After Holder began an investigation of torture and other war crimes, the Post ran a lead story entitled "How a Detainee Became an Asset: Sept.11 Plotter Cooperated After Waterboarding," The article supposedly showed that waterboarding and other forms of torture worked, transforming alleged 9/11 mastermind Khalid Sheik Mohammed from a "truculent enemy" into what the CIA considered its "preeminent source" on al-Qaeda.
The article declared, "this reversal occurred after Mohammed was subjected to simulated drowning and prolonged sleep deprivation, among other harsh interrogation techniques."
The story's sentiment dovetailed nicely with the biases of the newspaper's top brass, forever justifying the hardnosed "realism" of the Bush administration as it approved brutal and perverse methods for stripping the "bad guys" of their clothes, their dignity, their sense of self -- all to protect America.
Three weeks later, seven CIA directors -- including three who were themselves implicated in planning and conducting torture and assassination -- asked President Obama to put the kibosh on Holder's investigation. CIA Director Leon Panetta, by all reports, gave them full support.
In a Sept. 18, 2009, letter to the President, the seven asked him to "reverse Attorney General Holder's August 24 decision to re-open the criminal investigation of CIA interrogations that took place following the attacks of September 11." Eventually, they got their way as Holder decided against proceeding with indictments. After all, everything had been properly authorized.
In his memoir, At the Center of the Storm, Tenet notes that what the CIA needed were "the right authorities," i.e., legal permission, and a policy determination to do the bidding of President George W. Bush:
"Sure, it was a risky proposition when you looked at it from a policy maker's point of view. We were asking for and we would be given as many authorities as CIA had ever had. Things could blow up. People, me among them, could end up spending some of the worst days of our lives justifying before congressional overseers our new freedom to act." (p. 178)
Tenet noted that counterterrorism chief Cofer Black later told Congress, "The gloves came off" on Sept. 17, 2001, when President Bush "approved our recommendations and provided us broad authorities to engage al-Qa'ida." (p. 208)
Presumably, it was not lost on Tenet that no lawmaker dared ask exactly what Cofer Black meant when he said, "the gloves came off." Had they thought to ask Richard Clarke, former director of the counter-terrorist operation at the White House, he could have told them what he wrote in his book, Against All Enemies.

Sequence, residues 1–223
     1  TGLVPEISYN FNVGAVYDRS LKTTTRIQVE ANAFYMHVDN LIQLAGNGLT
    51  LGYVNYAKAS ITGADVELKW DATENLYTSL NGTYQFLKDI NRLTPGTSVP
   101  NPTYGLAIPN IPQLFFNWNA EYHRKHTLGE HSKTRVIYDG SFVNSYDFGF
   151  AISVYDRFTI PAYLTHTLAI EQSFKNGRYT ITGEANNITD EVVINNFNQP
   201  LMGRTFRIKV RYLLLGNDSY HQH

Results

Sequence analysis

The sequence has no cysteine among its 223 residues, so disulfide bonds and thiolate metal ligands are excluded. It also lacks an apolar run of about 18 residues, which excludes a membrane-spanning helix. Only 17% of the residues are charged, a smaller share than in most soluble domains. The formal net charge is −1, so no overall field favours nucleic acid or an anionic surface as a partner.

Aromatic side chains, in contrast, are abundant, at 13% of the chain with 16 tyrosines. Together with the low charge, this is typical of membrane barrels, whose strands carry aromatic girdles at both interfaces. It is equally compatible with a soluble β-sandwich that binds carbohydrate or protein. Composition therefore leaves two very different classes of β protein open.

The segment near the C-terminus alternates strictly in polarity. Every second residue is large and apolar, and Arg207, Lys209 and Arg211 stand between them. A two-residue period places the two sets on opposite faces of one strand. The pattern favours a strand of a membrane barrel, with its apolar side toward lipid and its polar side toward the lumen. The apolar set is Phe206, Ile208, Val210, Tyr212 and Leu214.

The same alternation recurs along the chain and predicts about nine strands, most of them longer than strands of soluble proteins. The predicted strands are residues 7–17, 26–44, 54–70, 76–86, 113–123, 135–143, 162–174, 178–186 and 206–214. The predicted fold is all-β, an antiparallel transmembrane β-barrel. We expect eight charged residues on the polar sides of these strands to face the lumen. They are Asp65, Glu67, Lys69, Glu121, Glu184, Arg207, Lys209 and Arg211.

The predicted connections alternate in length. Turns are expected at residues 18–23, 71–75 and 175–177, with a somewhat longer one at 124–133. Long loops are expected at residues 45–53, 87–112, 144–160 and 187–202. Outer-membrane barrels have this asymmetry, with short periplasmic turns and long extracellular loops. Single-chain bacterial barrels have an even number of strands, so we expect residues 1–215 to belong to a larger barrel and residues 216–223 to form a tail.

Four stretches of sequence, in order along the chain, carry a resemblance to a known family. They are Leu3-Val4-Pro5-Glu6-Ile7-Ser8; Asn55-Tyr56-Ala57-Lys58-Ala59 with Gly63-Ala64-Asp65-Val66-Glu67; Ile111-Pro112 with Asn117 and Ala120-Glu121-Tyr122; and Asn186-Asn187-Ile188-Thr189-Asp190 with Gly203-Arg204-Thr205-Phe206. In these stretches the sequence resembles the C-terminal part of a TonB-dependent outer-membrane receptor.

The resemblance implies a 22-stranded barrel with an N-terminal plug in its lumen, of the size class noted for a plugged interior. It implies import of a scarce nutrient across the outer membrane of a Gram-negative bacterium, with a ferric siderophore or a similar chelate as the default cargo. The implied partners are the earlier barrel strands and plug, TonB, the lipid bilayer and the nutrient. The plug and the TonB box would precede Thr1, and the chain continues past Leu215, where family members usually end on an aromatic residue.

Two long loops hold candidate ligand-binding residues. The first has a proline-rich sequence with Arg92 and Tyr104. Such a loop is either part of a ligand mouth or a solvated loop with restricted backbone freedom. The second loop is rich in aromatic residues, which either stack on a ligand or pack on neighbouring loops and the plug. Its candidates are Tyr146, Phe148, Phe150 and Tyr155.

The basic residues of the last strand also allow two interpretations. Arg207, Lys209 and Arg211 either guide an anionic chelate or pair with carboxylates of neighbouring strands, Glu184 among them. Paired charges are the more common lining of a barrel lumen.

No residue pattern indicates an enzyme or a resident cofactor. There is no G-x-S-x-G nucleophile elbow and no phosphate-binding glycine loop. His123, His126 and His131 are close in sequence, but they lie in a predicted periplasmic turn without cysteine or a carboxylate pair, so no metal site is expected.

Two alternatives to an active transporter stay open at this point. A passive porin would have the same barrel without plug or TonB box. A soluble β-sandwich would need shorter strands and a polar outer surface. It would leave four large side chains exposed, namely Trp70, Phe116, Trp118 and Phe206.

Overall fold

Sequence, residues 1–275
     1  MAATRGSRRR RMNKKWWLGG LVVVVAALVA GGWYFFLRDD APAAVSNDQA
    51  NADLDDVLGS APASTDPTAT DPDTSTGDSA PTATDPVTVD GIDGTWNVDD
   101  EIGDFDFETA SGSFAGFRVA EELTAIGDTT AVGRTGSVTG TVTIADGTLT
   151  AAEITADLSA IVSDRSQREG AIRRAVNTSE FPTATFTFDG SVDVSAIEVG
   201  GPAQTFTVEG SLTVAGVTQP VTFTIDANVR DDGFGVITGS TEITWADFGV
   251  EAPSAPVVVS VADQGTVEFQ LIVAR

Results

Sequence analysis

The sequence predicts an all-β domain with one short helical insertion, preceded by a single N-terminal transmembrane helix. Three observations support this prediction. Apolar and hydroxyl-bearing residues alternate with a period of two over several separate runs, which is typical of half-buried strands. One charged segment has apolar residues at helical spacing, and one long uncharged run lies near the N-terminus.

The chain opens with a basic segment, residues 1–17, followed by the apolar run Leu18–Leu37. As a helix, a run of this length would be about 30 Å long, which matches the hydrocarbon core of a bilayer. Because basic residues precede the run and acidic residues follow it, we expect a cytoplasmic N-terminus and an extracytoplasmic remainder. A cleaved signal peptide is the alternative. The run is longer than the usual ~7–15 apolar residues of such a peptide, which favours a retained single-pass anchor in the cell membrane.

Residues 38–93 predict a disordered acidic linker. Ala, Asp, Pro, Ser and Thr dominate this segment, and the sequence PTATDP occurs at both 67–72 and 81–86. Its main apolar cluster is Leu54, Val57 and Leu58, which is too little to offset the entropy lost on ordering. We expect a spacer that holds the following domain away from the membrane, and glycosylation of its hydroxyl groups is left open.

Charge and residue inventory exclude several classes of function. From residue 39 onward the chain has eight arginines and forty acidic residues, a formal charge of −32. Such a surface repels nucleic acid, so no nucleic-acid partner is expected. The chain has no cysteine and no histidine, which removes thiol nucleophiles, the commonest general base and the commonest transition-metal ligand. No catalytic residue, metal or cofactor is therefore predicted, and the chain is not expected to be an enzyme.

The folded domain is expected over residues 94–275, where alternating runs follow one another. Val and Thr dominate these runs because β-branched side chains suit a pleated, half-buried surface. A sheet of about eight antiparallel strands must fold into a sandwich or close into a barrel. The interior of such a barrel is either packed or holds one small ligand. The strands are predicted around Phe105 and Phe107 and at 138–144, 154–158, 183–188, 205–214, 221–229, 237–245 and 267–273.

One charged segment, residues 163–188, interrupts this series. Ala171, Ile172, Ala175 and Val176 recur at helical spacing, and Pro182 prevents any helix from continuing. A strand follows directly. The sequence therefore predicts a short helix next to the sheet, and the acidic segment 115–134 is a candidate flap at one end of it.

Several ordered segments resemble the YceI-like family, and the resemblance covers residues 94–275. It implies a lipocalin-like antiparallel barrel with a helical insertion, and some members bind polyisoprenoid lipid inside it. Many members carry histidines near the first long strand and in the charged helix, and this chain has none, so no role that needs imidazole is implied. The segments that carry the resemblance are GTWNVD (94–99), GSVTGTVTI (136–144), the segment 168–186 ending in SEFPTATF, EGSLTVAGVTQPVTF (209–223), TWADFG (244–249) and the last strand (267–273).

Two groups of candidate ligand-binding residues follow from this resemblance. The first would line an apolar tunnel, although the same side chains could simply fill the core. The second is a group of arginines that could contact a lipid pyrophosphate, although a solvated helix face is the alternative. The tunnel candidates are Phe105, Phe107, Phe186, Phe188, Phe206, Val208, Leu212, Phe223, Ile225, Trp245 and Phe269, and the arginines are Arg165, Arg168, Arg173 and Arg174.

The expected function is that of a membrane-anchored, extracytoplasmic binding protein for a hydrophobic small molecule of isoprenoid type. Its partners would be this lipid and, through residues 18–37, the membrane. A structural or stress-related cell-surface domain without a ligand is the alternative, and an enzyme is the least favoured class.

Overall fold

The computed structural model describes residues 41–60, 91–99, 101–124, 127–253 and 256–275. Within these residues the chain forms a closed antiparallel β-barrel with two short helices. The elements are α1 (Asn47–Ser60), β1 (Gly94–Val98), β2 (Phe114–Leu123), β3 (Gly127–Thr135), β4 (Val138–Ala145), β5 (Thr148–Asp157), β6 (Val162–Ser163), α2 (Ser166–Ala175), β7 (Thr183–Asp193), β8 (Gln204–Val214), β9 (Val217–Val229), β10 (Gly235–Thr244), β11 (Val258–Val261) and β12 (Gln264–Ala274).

Clarke describes a meeting in which he took part with President Bush in the White House bunker just minutes after his TV address to the nation on the evening of 9/11. When the subject of international law was raised, Clarke writes that the President responded vehemently: "I don't care what the international lawyers say, we are going to kick some ass." (p. 24)
Tenet and his masters assumed, correctly, that given the mood of the times and the lack of spine among lawmakers, congressional "overseers" would relax into their post-9/11 role as congressional overlookers.
The Glorious Inquisition
On May 13, 2009, Sen. Lindsey Graham, R-South Carolina, gave an implicit hat-tip to all manner of infamous tortures past:
"The Vice President [Dick Cheney] is suggesting that there was good information obtained, and I'd like the committee to get that information. Let's have both sides of the story here. I mean, one of the reasons these techniques have survived for about 500 years is apparently they work."
Five hundred years takes us proudly back to the Spanish Inquisition when the cardinals at least had no problem calling a spade a spade. Their term for waterboarding was tortura del agua. No euphemism like "enhanced interrogation technique" or EIT for short.
As Graham has also explained:
"Who wants to be the congressman or senator holding the hearing as to whether the President should be aggressively going after terrorists? Nobody. And that's why Congress has been AWOL in this whole area."
The same has been largely true of news executives at the key bastions of the mainstream news media. Months into Obama's first term, the Washington Post kept warning the young President not to mess with the tough-guys of the CIA who were just trying to keep us all safe.
To this day, the Post continues carrying water for the folks who conducted the waterboarding.